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Making The Case For Green Cleaning

September 19, 2010
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If you''ve tried to implement a green cleaning program and faced opposition from your administrators, it''s likely you''ve heard one or more of the following arguments:

  • Green cleaners are not as effective as traditional cleaning products

  • There''s no business value in switching to green cleaning

  • Green cleaning is not cost-effective.

While once somewhat factual, these claims hold little validity today.

When the "green" movement first began several years ago, products with less environmental impact were more expensive and didn''t perform as well as traditional cleaning chemicals.

However, since then, technological advances in chemicals, equipment and products have improved not only the sustainability of the products we use to clean our facilities, but also their effectiveness.

While the current economic crisis might make facility managers hesitant to implement a green cleaning program, now is the time to take action, as more and more facilities are recognizing the value of going green.

In fact, The Princeton Review just released its Guide to 286 Green Colleges, which found that 63 percent of college students consider a school''s environmental commitment when determining where to attend.

When you are convincing administrators to go green, it is important to help them understand that an investment now means savings in the future.

Here are some ways to dispel any misconceptions and show administrators that sustainable practices make for good business practices.

First Popular Misconception: Efficacy

The boss says, "Green cleaners just don''t work as well."

Your argument should be:

The performance issue is one of the longstanding misconceptions of a green cleaning program.

This characterization is largely the result of first-generation green cleaners.

Since then, technology has improved to make the performance of environmentally friendly chemicals equal to or better than their traditional counterparts.

With the number of products available marketed as "green" or sustainable, it is important to look for products that have undergone rigorous certification standards by third-party agencies such as Green Seal Inc. or the GREENGUARD Environmental Institute (GEI).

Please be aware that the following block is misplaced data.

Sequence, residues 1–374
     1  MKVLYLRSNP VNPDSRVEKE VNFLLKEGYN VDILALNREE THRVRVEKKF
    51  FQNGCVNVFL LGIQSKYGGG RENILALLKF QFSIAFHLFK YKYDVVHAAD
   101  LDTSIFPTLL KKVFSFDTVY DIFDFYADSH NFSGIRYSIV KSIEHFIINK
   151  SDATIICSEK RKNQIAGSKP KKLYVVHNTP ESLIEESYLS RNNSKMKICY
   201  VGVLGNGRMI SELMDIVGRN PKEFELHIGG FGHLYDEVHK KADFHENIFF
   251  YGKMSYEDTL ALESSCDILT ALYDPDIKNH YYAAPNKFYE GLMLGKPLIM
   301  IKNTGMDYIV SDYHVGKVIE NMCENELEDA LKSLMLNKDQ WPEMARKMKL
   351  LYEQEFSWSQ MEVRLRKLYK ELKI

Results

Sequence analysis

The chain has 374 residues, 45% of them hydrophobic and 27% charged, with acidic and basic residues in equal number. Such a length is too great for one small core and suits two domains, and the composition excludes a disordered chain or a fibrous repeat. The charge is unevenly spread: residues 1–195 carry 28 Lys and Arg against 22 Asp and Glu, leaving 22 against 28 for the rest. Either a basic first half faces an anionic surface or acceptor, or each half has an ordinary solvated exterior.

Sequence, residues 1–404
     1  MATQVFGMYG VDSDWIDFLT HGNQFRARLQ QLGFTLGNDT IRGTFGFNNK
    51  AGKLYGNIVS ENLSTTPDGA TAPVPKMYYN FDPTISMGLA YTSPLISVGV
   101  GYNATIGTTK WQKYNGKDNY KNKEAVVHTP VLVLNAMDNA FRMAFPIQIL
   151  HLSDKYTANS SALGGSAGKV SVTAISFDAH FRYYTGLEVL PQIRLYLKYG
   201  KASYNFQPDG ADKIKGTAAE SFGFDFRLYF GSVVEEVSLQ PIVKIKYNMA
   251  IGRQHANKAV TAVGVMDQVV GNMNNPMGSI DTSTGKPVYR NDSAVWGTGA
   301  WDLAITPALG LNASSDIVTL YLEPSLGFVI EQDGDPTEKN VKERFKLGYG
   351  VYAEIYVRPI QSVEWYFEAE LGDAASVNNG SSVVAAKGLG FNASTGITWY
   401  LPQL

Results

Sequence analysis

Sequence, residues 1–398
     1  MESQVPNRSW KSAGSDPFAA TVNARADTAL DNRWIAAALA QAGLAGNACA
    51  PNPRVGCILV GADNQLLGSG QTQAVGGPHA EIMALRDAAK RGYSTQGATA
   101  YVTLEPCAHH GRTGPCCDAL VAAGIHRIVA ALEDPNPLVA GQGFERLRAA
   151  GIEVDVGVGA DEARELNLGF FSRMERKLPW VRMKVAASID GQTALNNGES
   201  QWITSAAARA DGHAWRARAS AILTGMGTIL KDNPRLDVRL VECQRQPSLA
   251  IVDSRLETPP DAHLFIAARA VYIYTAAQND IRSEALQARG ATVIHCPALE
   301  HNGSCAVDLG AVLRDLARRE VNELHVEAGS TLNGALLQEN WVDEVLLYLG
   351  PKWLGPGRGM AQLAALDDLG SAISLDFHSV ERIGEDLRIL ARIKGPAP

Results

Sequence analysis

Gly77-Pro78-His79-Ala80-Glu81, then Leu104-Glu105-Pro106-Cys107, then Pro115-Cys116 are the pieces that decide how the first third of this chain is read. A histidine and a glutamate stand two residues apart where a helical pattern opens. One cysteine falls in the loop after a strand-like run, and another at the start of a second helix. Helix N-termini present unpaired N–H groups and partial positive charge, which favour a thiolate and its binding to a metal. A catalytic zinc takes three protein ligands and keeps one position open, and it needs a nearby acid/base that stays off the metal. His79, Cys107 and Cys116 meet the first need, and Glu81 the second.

To meet many of these standards, green products must meet cleaning efficacy requirements.

For example, general purpose cleaners certified under the Green Seal Standard for Institutional and Industrial Cleaners (GS-37) must meet the American Society for Testing of Materials International (ASTM) Standard Guide for Testing the Cleaning Performance of Products (D-4488).

Products that don''t work well the first time aren''t really green at all.

When a product doesn''t work effectively, it requires additional chemicals, energy, water, packaging and labor to get the job done right.

All of that waste certainly isn''t green or sustainable.

Green products must work well, use resources efficiently and not put human health or the environment at risk.

If performance is the question, work with your distributor to test products against each other.

Before implementing a program, allow your staff to trial products and have them provide their feedback.

By enlisting their support, you raise awareness and generate more momentum in the movement to go green.

Second Popular Misconception: Business Value

The boss says, "This will have little to no impact on our business, so why bother?"

Your argument should be:

The reasons for implementing a green cleaning program — to reduce cleaning''s environmental impact and improve indoor air quality (IAQ) and the health of building occupants — are clear.